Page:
Vitamin C: Origin & Interesting Facts

Interesting facts about vitamin C

Vitamin C is a water-soluble vitamin that is often named as ascorbic acid.

Vitamin C is very sensitive to light and heat, which is why it is more likely to be found in raw products.

The raw material for this is always glucose, from which vitamin C is produced by means of two biochemical processes.

Origin of vitamin C

Vitamin C is one of the first vitamins that was ever discovered and could already appear at the beginning of the 20th century. At that time, Albert Szent-Györgyi isolated the vitamin from cabbage and paprika.

Subsequently, in 1933, Walter Norman Haworth succeeded in breaking down the chemical structure of vitamin C. As a result, both received a Nobel Prize in chemistry and medicine in 1937.

The knowledge on which this was based later led to a further development that enabled the industrial production of vitamin C from simple glucose. That innovation came from Tadeus Reichstein, a chemist who was also honored with a Nobel Prize.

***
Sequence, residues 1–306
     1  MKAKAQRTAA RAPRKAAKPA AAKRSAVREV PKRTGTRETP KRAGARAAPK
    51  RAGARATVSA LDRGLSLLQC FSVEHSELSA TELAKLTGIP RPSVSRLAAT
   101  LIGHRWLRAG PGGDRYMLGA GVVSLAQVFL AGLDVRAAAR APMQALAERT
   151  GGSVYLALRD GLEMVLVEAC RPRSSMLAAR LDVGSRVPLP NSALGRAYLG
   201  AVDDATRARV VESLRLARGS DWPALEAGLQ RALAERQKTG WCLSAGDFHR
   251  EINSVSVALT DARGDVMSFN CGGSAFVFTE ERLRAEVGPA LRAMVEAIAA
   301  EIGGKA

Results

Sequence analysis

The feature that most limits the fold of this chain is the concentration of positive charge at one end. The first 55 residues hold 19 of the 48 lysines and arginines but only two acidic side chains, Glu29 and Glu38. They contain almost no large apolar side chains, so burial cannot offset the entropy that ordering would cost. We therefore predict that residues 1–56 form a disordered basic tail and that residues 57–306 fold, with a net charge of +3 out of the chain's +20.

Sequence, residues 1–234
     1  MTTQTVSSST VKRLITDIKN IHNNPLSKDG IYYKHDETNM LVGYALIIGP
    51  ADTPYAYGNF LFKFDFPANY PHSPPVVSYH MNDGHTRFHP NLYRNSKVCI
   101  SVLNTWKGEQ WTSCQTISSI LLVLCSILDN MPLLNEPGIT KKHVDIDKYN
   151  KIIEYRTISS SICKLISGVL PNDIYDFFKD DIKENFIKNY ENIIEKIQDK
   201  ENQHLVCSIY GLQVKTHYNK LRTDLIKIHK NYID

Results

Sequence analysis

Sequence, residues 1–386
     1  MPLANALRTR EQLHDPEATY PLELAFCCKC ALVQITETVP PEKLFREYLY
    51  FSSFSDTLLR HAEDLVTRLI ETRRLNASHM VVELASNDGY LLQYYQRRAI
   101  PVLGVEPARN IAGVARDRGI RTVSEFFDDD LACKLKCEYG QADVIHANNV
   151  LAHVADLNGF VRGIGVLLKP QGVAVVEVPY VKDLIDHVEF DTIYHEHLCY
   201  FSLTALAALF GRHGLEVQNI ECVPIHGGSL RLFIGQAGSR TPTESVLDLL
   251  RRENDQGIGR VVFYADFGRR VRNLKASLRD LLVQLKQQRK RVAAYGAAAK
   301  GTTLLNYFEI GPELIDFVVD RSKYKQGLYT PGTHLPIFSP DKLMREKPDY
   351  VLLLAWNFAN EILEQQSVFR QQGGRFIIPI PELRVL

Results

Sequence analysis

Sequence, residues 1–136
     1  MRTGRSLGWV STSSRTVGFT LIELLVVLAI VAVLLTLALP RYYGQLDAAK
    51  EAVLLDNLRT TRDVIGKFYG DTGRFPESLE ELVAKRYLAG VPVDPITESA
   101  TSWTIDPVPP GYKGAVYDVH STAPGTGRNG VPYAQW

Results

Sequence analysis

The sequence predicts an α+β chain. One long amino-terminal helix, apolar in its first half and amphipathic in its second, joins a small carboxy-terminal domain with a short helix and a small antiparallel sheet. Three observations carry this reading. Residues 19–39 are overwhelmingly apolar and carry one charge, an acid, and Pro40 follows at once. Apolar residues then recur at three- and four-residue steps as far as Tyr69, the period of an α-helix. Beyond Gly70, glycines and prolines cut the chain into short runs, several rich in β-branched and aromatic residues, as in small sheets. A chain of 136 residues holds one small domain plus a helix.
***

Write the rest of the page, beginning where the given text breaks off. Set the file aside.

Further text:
Extraction of vitamin C

The main sources of vitamin C are fresh fruits and various types of vegetables. Since the vitamin is quite sensitive, only raw or frozen foods can ensure optimal intake. The most important foods include:

Some of the products that have a high content of vitamin C are difficult to consume in their raw state. Their flavor is too acidic or they have an inedible consistency. That's why it makes sense here to take the products in the form of juices.

By Christina Treu –

updated 11 Feb 2022

Christina Faithful

Editorial office Frummi

Christina Faithful has been writing for since May 2019 Frummi . She is ambitious to always check the best sources and to write the most qualified texts for our customers.

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